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Gilcrease Museum

Saturday, January 14th, 2006


By:       Virgil G. Richards

            Field Trip Chair


What a great turnout we had for our first field trip of 2006! We had approximately thirty-five attendees for the guided tour of the Native American art exhibits entitled “The Enduring Spirit” tour. Our Docent guides were extremely knowledgeable and very accommodating to our large and very interested group. We were split off into two groups for the tour to make it easier for everyone to hear and have the opportunity to view all of the wonderful items on display. After the Enduring Spirit Tour, we were given an introduction to the Kravis Discovery Center where there are drawer after drawer of Native American artifacts from stone tools to jewelry, pottery, clothing articles, and everyday textiles that were used by our Native American predecessors and ancestors. I was personally amazed by some of the ceremonial artifacts on display. Sadly, some artifacts and historical items of Native American ancestry will soon be returned to various tribal collections under the following act:

Native American Graves Protection and Repatriation Act

  • 1990, Native American Graves Protection and Repatriation Act (NAGPRA): This act assigns ownership and control of Native American cultural items, human remains, and associated funerary objects to Native Americans. It also establishes requirements for the treatment of Native American human remains and sacred or cultural objects found on Federal land. This act further provides for the protection, inventory, and repatriation of Native American cultural items, human remains, and associated funerary objects. Requires museums that receive public funds to consult with Native Americans. Native Americans have the power to decide what happens to museum collections of human remains, grave goods, and sacred items. When these items are inadvertently discovered, cease activity, make a reasonable effort to protect the items, and notify the appropriate Indian tribe(s) and/or Native Hawaiian organization(s).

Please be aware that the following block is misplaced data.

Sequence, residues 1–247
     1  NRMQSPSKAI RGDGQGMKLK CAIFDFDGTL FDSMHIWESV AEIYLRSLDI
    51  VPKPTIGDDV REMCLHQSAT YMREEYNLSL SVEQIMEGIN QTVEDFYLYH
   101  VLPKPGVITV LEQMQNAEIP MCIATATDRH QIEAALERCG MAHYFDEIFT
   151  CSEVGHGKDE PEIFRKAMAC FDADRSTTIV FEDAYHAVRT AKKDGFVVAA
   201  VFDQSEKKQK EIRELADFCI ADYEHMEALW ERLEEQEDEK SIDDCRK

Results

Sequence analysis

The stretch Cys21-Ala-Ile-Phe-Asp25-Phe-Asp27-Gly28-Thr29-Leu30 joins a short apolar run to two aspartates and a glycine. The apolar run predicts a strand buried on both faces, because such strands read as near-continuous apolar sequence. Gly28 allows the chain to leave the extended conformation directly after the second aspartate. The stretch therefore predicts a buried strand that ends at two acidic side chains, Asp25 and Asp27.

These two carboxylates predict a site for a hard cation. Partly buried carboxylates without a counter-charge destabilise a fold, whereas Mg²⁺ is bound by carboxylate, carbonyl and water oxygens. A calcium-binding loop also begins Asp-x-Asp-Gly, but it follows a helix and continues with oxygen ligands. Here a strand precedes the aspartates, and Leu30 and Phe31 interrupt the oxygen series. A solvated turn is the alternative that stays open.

This particular act applies to more than 3000 artifacts in the Gilcrease collection which originated from the Spiro Mounds, and the associated mound building culture of the Caddo Indian Tribe. Hopefully, they will be subsequently displayed for the public in a tribal museum.

            Approximately twenty-five people stayed for lunch at the Osage Restaurant. The food was good and not overly pricey, although some were not impressed with portion size such as my two oversized offspring…

After lunch we concluded our day with a tour of the theme gardens around Gilcrease. Although this tour would be much enhanced during April when everything is in bloom. Most were able to stay for the garden tour, and all enjoyed the wonderful 60+ degree weather which was true to the FT leader’s request!

Thanks to all who came out to enjoy the day!  





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